Last Friday, Alejandra Juarez, the wife of a former Marine, was deported to Mexico after 20 years in the United States. Her family of four is now torn in two with her 8-year-old daughter, Estela, following her to Mexico and her 16-year-old daughter, Pamela, staying with her father, Cuauhtemoc "Temo," in the United States.
Rather than leave in handcuffs, Juarez chose to "self-deport" after her petition to become a citizen was denied in 2011. Juarez was accused of making a false statement at the border in 1998 when she said she had been a student in Memphis, Tennessee for a number of years. Officials took this claim as she was lying about being a citizen.
"My mom is a good person. She's not a criminal," oldest daughter Pamela said to the immigration agency as her mom prepared to board the plane.
While many felt that Trump's immigration reform would work to deport criminals, innocent and hardworking families are consistently being torn apart. Many people now are simply asking isn't there a better way?
The youngest daughter does not speak Spanish but is moving to be with her mother. Pamela will stay in the United States to finish high school while her father will work to pay the bills for his broken family.
"I don't want to go to Mexico, I want to stay here," said Estela crying.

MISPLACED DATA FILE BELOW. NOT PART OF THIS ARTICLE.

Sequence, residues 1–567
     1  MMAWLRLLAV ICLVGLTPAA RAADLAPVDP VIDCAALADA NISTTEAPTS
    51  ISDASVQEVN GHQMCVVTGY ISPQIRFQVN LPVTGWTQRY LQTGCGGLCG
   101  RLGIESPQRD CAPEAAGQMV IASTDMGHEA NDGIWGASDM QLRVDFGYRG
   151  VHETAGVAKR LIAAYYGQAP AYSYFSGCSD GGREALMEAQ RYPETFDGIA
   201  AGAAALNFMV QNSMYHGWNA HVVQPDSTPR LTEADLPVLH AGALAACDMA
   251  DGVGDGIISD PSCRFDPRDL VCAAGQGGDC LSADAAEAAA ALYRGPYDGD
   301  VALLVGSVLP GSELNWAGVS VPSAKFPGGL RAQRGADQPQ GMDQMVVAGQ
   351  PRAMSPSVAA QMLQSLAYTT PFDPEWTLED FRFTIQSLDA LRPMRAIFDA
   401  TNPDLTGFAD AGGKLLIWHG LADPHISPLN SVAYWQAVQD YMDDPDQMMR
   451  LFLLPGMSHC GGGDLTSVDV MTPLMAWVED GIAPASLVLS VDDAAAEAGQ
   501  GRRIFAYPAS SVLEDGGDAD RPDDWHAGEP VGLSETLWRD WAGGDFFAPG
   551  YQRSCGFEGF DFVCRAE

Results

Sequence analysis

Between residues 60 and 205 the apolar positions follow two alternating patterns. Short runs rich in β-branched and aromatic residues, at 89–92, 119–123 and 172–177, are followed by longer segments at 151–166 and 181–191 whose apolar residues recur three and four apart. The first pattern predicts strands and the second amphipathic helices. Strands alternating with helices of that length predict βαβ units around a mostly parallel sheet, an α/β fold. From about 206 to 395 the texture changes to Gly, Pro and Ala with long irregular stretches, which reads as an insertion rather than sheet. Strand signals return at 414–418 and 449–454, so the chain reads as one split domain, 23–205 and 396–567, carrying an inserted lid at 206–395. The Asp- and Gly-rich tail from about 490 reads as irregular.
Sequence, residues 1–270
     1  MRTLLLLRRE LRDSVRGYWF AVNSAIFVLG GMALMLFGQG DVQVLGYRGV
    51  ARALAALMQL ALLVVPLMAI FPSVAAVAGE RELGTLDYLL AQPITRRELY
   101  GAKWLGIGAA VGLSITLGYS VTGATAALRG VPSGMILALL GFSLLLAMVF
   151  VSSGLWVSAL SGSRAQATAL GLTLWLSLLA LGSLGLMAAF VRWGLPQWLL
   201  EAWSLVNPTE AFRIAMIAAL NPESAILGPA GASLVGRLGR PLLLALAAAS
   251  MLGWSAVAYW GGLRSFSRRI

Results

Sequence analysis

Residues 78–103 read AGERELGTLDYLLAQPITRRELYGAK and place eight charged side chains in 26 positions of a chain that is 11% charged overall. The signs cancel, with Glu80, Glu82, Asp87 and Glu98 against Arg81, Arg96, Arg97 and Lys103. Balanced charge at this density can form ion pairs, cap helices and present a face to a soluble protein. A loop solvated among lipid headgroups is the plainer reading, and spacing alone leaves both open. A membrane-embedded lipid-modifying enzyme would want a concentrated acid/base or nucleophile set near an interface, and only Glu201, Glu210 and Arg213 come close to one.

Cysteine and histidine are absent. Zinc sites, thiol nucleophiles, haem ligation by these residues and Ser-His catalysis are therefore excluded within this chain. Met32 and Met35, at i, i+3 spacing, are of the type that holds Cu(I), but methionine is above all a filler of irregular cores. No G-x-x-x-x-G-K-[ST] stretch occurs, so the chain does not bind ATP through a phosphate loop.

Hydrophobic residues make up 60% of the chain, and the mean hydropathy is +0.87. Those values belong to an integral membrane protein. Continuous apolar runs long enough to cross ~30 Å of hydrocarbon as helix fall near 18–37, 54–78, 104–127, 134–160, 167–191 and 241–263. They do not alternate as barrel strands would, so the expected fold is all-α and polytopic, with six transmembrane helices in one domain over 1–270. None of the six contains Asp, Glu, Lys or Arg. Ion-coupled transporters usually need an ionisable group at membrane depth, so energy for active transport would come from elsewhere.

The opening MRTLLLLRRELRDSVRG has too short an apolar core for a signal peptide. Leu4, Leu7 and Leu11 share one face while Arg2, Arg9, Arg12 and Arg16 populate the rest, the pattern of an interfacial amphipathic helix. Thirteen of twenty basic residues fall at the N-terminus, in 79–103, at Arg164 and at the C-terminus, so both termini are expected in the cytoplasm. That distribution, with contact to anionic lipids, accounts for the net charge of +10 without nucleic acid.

President Trump's daughter Ivanka spoke about her father's policy that has led to the separation of over 2,500 families last Thursday.
"That was a low point for me," Ivanka said. "I feel very strongly about that. I am very vehemently against family separation and the separation of parents and children."
Many feel that the family should receive special attention being that Temo Juarez served in Albania, the Democratic Republic of Congo, and South America before joining the Army National Guard in Orlando.
US Rep. Darren Soto, who represents the district of Florida where the family had lived, had worked hard to save her from deportation and wrote several letters to ICE officials to no avail.
Soto filed the "Patriot Spouses Act" and another bill that would allow Juarez to stay. Soto said that while both bills have gained bipartisan support, the bills have not yet been taken up by committee. Juarez's attorneys feel that this inaction could be one of the reasons the ICE has chosen to move forward with deportation.
"If the president really claims to support veterans, he should stand with the Juarez family and reconsider Alejandra's deportation," Soto's statement read. "While Mr. Juarez was abroad fighting to defend our country, Mrs. Juarez was at home raising his daughters, serving in the same manner as military spouses do across our nation."
The fact that Juarez is being blocked from citizenship due to confusion from officials no matter what their family has done for our country is definitely an issue that should be reviewed further without these hasty conclusions that keep sweeping through the media. Each case is different and should be handled as such. While illegal immigration can be harmful, it needs to be treated as the delicate issue that it is which President Trump is ignoring.
"My husband fought for this country three times. The administration, yourself, you think you are punishing me. You're not just punishing me," Juarez said, referencing her family. "I hope this makes him happy."